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Blend4Web: Beginner's Guide. Chapter 5: Visual Appeal

2016-12-06

It looks like we have done everything we needed to do: the models are prepared, materials are created and textures have been added. But still, it seems that something is missing. Visually, the scene looks dull and lifeless. And, mind you, this is supposed to be a presentation. It should be bright and appealing, maybe even aggressively so.

But don’t be rushing off to add even more details or to hastily rework materials. Now, we will work with the environment – with all those little bits that can greatly improve the appearance.

Background, Lights and Shadows

Figure 1

Take a look at the picture. This boring gray background can only bring on sadness. Of course, it shouldn’t shine and glitter with colors either, as this will distract attention from the model itself. What it should do is bring the model out, refine it, if you may.

The Properties window contains a panel with the fitting title of World. Here you can find the tools that will help us improve the look of our presentation.

Blender allows you to set any color for the scene background. Gray is used by default, and it is this color that should be visible in the Preview window of your project (see fig. 2). To replace this color with another, click the color sample tilted Horizon Color and set a shade you like. Also, turn on the Render Sky option.

Figure 2

Now it looks a bit better, but still rather rough. It would be much more interesting if a gradient is applied.

Blender offers you a number of gradients. Some of them are fit for creating realistic environments such as atmosphere, but in our case we only need a simple transition between two colors.

For this, there is another color sample on the panel, entitled Zenith Color, which allows you to set the second color.

However, the most important thing is the sky blending mode. The program features a total of 3 options: Paper Sky, Blend Sky, Real Sky. You can achieve the effect you need by combining them.

To get a gradient, check the Blend Sky box. If you turn on the Real Sky option, the program will use the Horizon Color sample for coloring the horizon, while the Paper Sky option will “pinpoint” the background to the camera. If you leave this box unchecked, you will see the background change when the camera moves.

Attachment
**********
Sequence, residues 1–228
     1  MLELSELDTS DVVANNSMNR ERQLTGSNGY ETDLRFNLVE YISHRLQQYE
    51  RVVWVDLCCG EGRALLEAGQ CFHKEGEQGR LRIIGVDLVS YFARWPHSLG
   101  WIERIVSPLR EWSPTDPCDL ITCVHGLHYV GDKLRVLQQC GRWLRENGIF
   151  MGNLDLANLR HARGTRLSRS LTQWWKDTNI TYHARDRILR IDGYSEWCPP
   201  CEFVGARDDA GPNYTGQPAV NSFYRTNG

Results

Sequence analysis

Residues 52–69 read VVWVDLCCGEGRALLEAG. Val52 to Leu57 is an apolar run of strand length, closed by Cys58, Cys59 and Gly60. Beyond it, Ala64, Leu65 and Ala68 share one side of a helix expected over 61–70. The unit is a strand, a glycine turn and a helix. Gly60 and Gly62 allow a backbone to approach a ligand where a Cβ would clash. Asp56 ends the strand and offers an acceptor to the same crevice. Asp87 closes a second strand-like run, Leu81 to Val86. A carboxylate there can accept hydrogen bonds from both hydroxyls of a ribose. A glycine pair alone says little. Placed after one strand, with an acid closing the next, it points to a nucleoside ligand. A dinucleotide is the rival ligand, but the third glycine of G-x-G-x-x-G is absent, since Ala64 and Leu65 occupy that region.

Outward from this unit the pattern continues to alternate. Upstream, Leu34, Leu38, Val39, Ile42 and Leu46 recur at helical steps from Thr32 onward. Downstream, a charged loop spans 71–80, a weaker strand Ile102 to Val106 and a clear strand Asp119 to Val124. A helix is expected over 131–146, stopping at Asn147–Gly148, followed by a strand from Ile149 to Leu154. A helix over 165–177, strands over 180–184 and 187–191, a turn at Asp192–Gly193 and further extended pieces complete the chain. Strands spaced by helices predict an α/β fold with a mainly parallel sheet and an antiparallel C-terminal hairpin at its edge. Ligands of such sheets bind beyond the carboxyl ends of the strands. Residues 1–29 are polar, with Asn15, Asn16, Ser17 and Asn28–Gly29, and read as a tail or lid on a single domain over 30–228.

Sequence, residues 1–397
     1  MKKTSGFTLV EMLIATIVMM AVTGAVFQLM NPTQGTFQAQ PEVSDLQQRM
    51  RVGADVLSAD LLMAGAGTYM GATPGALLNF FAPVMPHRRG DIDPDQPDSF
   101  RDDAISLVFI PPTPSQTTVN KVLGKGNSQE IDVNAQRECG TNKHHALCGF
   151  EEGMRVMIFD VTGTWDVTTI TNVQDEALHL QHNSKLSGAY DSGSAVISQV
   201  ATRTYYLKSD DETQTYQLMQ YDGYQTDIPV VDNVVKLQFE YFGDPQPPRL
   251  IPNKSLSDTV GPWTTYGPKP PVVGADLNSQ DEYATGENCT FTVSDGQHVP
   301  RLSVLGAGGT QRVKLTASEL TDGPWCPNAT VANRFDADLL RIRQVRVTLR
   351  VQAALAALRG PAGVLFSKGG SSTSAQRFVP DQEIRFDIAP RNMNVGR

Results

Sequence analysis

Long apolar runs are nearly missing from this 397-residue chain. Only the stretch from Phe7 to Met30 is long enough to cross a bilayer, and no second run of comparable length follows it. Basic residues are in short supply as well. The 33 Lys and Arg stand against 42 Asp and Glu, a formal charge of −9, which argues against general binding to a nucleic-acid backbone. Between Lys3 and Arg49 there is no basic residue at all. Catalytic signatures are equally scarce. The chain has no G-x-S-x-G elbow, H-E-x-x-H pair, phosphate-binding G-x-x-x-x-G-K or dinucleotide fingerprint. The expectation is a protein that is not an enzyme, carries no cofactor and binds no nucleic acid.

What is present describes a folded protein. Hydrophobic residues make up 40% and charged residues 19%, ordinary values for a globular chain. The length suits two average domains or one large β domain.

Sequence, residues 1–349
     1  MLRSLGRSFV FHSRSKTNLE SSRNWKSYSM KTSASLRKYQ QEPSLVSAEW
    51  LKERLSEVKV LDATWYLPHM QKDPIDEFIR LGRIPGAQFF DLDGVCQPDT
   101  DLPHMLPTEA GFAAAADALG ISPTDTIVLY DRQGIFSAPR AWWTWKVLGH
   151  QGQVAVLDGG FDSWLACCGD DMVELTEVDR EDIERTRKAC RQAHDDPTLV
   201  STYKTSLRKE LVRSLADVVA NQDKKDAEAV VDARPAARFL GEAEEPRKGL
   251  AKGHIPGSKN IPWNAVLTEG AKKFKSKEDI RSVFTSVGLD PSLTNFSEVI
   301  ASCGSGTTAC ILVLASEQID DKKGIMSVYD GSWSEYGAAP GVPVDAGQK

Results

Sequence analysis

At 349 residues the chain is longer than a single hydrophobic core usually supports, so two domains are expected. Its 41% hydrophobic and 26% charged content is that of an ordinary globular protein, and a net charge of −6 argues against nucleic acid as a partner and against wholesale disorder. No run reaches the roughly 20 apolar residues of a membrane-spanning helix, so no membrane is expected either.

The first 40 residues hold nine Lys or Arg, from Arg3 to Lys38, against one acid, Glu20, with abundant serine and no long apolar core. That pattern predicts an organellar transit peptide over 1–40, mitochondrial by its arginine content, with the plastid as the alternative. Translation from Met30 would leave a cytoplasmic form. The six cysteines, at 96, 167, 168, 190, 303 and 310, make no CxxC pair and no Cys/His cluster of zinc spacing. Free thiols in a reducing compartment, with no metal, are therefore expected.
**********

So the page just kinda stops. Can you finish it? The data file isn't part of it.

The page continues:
I personally like the black-blue gradient, but you can just as well choose any other (fig.3).

Figure 3

As you can see in the figure, I’ve enabled the Environment Lighting option. Turning it on can significantly improve the general perception of the picture.

You are already familiar with the Light object that acts as a light source in a scene. But Environment Light is a bit different. It has no origin point, no direction or other parameters. Its purpose is to monotonously light the entire scene. Imagine a dark room with a desk lamp pointed at an apple on the desk. One side of the apple, the one that is turned to the lamp, is bright and well lit. The other is dark and bleak, yet you can still see it, albeit not very clear. In reality, the lighting of a particular object is influenced by a plethora of factors that are simply impossible to take into account in a virtual world. In a 3D scene, the other side of the apple would be perfectly black.

Environment Light can be used to illuminate an object without using additional lamps. It only has two parameters: the Energy (the power) and the color of the light. You can also choose one of the three light source types:

White (white color).

Sky Color (background color).

Sky Texture (background texture color).

The decision, of course, depends on the type of the scene you are working on. For this particular scene I’ve set the Energy to 0.1 and the color to White.

So now we have both background and environment lighting, and the scene looks a little better, but something is still missing. Can you guess what it is?

The laws of physics state that light and shadow are inter-related. But before we take a look at the shadows, let’s look into the matter of light sources.

Blender gives you up to five types of lamps. To make sure of this, select a Lamp object in the scene and open the specific setting panel (fig. 4).

Figure 4

Let’s take a look at the features of the types of light sources that are most popular for real-time graphics. There are three of them:

Point is a point-type light source. It, in essence, is a simple light bulb that emits light evenly in all directions, but the light intensity fades with distance.

 The name of the Sun type light accurately describes its function. This is a powerful light source, and its position in the scene does not matter in the slightest, only its direction (rotation angle) is taken into account.

Spot is searchlight-type source. Using it, you can emphasize a specific object in the scene. It is used in a manner similar to that of a real spotlight.